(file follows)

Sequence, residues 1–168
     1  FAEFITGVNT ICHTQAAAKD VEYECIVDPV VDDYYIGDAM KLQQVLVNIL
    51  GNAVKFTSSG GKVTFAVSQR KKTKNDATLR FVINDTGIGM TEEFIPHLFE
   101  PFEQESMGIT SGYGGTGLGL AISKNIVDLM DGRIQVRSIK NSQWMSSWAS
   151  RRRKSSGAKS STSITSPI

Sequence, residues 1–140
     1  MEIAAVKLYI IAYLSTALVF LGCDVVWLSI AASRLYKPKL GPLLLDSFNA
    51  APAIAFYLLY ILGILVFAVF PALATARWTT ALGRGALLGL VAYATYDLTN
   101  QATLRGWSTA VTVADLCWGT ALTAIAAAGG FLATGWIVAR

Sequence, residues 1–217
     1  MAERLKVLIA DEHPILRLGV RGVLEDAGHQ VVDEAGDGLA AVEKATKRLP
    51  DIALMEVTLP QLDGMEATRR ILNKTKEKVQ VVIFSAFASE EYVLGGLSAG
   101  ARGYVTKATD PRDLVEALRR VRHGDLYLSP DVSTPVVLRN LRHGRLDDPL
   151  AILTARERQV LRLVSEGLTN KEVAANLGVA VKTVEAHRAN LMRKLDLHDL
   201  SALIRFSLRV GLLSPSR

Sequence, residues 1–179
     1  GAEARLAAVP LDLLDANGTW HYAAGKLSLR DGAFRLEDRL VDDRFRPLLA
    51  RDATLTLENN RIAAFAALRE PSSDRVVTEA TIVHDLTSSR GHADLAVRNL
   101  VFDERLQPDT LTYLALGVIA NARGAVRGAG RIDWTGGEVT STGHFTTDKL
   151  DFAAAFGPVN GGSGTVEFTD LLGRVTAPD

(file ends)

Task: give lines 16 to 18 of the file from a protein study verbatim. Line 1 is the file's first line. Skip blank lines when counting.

Sequence, residues 1–179
     1  GAEARLAAVP LDLLDANGTW HYAAGKLSLR DGAFRLEDRL VDDRFRPLLA
    51  RDATLTLENN RIAAFAALRE PSSDRVVTEA TIVHDLTSSR GHADLAVRNL